National government debt—which ballooned to P6.65 trillion last year—will see a short-term increase as the Duterte administration implements an ambitious infrastructure program, the Finance department said on Wednesday.
Funding support from higher taxes under Train will be complemented by concessional financing packages from development partners, which Dominguez claimed would be well managed to ensure fiscal stability.
The Philippine economy likely slowed as the year ended capping full-year growth to below the 6.9 percent recorded in 2016.
Estimates for the October-December quarter ranged from 6.4 to 7.1 percent with a 6.6 percent average, unchanged compared to the same period last year and below the third quarter’s revised 7-percent expansion.
Full-year estimates, meanwhile, ranged from 6.6-6.8 percent. The 6.6 percent average falls just above the lower end of the government’s 6.5-7.5 percent target for 2017.
A new tax reform package focusing on corporate profits and fiscal incentives has been submitted to the House of Representatives.
Package 2, which the DoF has said would be revenue-neutral, proposes to gradually lower the corporate income tax (CIT) rate to 25 percent from 30 percent while also modernizing incentives to make these “performance-based, targeted, time-bound, and transparent,” Finance Undersecretary Karl Kendrick Chua said.
The Philippines has retained the top spot in environmental sustainability in energy resources for the third straight year, the World Energy Council (WEC) said in a report.
“While not in the Top 10 overall,” the country “is leading the way on the environmental sustainability dimension,” WEC said in its World Energy Trilemma Index 2017, which covered 125 countries.
The index ranked these countries on their ability to provide sustainable energy through three dimensions: energy security, energy equity and environmental sustainability.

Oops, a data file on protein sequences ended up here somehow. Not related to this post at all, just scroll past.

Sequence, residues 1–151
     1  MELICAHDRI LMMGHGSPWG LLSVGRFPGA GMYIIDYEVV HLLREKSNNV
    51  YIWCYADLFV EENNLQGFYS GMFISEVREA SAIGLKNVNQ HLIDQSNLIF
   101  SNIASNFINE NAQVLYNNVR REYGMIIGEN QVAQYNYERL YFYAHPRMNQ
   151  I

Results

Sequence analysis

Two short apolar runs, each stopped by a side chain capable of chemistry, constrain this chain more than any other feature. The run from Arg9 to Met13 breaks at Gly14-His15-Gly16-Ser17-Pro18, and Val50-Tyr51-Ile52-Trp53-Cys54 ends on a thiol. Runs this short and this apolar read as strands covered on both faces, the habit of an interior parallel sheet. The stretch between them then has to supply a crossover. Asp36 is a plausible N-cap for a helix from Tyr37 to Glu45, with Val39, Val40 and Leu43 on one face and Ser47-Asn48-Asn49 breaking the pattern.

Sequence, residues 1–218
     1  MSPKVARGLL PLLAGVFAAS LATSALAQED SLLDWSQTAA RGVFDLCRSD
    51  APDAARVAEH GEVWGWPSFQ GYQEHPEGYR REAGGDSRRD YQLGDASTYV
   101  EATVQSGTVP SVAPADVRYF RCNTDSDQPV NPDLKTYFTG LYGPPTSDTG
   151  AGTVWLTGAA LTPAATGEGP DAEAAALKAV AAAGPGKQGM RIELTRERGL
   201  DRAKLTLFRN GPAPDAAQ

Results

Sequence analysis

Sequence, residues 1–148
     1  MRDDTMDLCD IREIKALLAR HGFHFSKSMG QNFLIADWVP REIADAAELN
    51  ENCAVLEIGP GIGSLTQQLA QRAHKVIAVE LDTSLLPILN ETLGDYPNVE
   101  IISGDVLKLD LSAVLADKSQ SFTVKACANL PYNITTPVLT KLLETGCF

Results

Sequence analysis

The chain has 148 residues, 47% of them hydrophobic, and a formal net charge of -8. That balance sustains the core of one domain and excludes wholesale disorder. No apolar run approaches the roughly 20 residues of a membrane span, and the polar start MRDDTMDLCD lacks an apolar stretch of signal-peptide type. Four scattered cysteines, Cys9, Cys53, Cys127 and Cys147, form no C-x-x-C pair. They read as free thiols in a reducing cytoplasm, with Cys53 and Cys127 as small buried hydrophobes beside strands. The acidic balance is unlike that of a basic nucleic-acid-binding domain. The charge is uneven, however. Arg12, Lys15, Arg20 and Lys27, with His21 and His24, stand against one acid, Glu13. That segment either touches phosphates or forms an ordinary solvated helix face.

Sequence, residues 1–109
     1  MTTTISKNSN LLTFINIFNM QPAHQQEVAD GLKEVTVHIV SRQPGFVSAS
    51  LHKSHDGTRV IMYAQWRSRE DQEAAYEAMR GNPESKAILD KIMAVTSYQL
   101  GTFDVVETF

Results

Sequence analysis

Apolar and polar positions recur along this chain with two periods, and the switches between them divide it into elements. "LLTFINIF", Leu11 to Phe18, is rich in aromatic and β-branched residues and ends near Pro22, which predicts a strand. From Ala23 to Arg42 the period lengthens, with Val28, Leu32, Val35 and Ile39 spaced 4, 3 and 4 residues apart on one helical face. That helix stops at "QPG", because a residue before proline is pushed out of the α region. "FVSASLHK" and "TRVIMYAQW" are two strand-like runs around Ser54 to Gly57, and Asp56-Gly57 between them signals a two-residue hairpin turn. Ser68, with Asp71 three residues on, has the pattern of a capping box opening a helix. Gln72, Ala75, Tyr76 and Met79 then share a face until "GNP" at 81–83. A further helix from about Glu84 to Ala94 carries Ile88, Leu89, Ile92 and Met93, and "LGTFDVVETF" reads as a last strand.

President Rodrigo Duterte has ordered the Philippine National Police (PNP) to return to the government’s war on illegal drugs but in a supporting role, with the Philippine Drug Enforcement Agency (PDEA) keeping the lead overall in the campaign.
The drug enforcement agency took over the reins of the campaign in October amid growing public concern over drug-related killings during police operations.
The Philippine government is looking to establish a community-based economic zone in Marawi City to help the war-torn city bounce back in terms of economic growth and job opportunities for returning residents, the Finance department said.
In a statement, the department said Finance Secretary Carlos Dominguez 3rd briefly detailed the plan during a recent meeting with Sumitomo Mitsui Banking Corp. (SMBC) officials led by group CEO and president, Takeshi Kunibe.
A celebrated playwright and coincidentally one of the founders of London School of Economics and Political Science (LSE), George Bernard Shaw once famously quipped “If all economists were laid end to end, they would not reach a conclusion.”
Speaking of disagreements, one concept that has been a frequent subject of passionate debate among economists is the implications of current account (CA) imbalances. This is a very timely issue for the Philippines as the country’s CA balance reversed to a deficit, after 13 years of consecutive surpluses.
Naturally, this triggered concerns among policymakers and economists alike. But what does this really mean and should we really be worried?
Republic Act 10952, which Duterte signed on Monday, October 2, reset the village polls to the second Monday of May next year from October 23, 2017, with the terms of office of the winners beginning on June 30.
“Subsequent synchronized barangay and Sangguniang Kabataan elections shall be held on the second Monday of May 2020 and every three years thereafter,” the law states. Incumbent village and youth council officials stay in office until a new set of officers is elected.
The peso fell to P51 versus the dollar on Monday — a near 11-year low — and the currency is expected to remain the region’s worst-performing given growing economic imbalances.
Monday’s result coincided with the release of ANZ Research’s “Philippine Insights” report, which declared that an “intensifying build-up of imbalances” arising from strong economic growth was weighing down the peso.
Already the region’s worst-performing currency, the peso is “likely to remain so in the remainder of the year,” it said.
President Rodrigo Duterte has signed into law the bill granting tuition-free education in all state universities and colleges (SUCs).
The bill, passed by Congress in May, will have automatically become a law on August 5 if the President did not act on it.
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